Last night on Raw, what should be the big storyline for this Sunday's Royal Rumble match was revealed. As part of CM Punk's ongoing dispute with The Authority, Director of Operations Kane announced that he will be the first entrant in the Rumble, needing to last the entire hour or so to win the match and the berth to the WrestleMania main event.
This will actually be Punk's second time entering the Rumble as No. 1, as he drew the dreaded spot in 2011, lasting 35 minutes before being eliminated at the hands of John Cena. That was actually during his initial feud with Cena that was used to keep Cena apart from Miz during the buildup to WrestleMania 27.
When hyped up in advance, being the first entrant in the Rumble more or less guarantees that Punk will be this year's "marathon man," the wrestler with the most time in the match regardless of whether he wins or loses.
The wrestler in the marathon spot ends up being the centerpiece of the match storyline-wise, and while there are some exceptions, he's usually a respected "great worker" or workhorse-type wrestler.
In 1990, Ted DiBiase Sr. was the first "marathon man" to come in at No. 1. One of the great in-ring performers of his generation and easily one of the five best in-ring wrestlers in WWE at the time, he put in a great performance where he interacted with a number of excellent workers like Marty Jannetty, Jake Roberts—DiBiase's rival at the time—Roddy Piper, Bret Hart and Terry Taylor (as The Red Rooster).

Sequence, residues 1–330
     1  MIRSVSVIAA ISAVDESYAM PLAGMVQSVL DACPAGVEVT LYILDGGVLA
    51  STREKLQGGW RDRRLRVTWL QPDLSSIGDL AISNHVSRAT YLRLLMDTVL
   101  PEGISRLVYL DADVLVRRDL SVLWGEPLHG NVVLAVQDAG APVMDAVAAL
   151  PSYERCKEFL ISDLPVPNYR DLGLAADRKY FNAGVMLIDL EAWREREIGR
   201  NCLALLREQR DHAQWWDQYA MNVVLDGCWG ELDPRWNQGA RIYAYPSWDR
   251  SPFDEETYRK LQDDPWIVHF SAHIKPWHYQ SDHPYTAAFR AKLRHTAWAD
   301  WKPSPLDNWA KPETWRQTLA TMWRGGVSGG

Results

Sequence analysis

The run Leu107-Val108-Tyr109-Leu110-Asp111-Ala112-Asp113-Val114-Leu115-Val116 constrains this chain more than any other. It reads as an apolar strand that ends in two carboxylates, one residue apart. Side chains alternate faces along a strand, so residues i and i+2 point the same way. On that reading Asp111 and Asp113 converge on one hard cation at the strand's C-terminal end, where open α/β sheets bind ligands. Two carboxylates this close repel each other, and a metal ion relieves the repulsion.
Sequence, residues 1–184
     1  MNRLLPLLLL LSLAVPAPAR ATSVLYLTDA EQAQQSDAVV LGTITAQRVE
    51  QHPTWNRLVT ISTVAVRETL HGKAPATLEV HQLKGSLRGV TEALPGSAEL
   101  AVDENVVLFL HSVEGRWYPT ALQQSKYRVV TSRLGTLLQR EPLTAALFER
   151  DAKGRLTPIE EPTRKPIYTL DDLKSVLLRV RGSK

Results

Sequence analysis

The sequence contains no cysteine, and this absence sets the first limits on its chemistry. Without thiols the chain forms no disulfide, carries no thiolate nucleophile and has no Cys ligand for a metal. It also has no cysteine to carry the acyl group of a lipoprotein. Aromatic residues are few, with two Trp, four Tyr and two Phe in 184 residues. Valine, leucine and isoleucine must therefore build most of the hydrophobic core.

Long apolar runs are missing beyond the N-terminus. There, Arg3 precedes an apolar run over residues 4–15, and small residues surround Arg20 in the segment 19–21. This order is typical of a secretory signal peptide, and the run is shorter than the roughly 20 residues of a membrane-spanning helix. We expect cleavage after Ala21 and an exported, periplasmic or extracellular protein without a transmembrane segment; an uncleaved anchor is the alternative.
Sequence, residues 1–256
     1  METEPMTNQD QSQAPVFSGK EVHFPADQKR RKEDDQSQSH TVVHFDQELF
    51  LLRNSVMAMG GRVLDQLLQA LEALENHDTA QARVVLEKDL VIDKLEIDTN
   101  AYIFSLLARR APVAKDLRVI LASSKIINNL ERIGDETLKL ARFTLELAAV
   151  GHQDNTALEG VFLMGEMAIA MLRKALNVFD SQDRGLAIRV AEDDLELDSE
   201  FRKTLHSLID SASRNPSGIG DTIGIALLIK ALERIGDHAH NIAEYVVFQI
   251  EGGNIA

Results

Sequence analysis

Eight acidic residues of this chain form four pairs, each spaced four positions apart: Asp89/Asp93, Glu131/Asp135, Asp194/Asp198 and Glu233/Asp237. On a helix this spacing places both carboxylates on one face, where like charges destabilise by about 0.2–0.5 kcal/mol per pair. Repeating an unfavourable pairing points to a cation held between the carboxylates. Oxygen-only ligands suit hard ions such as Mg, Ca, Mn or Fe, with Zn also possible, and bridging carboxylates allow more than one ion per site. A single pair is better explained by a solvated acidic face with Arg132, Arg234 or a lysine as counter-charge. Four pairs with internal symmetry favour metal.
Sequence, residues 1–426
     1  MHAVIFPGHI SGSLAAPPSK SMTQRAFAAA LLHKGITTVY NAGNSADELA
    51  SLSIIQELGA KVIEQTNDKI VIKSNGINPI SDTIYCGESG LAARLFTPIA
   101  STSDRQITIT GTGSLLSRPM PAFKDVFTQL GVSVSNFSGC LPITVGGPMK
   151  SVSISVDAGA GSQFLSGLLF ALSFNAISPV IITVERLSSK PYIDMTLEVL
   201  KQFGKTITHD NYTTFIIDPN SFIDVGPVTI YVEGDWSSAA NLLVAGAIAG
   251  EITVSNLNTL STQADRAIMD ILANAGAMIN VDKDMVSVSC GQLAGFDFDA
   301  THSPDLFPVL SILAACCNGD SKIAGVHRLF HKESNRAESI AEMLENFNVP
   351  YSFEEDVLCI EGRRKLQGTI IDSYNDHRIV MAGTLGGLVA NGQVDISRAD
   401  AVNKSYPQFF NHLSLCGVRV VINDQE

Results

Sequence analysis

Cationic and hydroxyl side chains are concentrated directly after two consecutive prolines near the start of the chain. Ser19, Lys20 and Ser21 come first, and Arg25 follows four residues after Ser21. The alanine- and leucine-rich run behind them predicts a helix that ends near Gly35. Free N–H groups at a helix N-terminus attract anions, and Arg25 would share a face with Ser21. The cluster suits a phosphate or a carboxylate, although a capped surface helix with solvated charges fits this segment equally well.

Being an early Rumble before there were any real stakes—no title or title shot on the line until '92 and '93, respectively—it doesn't have the story that later Rumbles do, but it's a very good Rumble anchored by an excellent DiBiase performance.
In 1992, the company played with the idea a little as marathon man and eventual winner Ric Flair came in at No. 3. It's still the greatest Royal Rumble match in history, a masterful combination of a great overarching storyline with high stakes (the WWE Championship), a great performance by Flair and the best call of Bobby Heenan's life on commentary.
This was followed up with Flair coming in at No. 1 in 1993 and lasting about 20 minutes before being eliminated by then-rival Mr. Perfect.
The marathon man that year was a rare instance where WWE remembered that No. 2 starts at the same time as No. 1, with Bob Backlund beating the record Flair set in 1992.
In the middle of a comeback after years away from wrestling, Backlund always kept himself in amazing shape. Few wrestlers have made this kind of performance look so effortless and he ended up being the second-last wrestler eliminated as one of six men dispatched by eventual winner Yokozuna.
1995 saw a one-off experiment that was something of a failure, as the intervals between entrances were shortened to one minute instead of two minutes or 90 seconds. Shawn Michaels at No. 1 and Davey Boy Smith at No. 2 lasted the entire length of the match, which came in at just under 39 minutes.
The finish was one of the most memorable in Rumble history: Davey Boy tossed Michaels to the floor, his music played, Michaels jumped back in and threw him out to win. Michaels exploited the wording of the rules, as both feet didn't touch the floor. Just one did, as he frantically kept the other from touching down.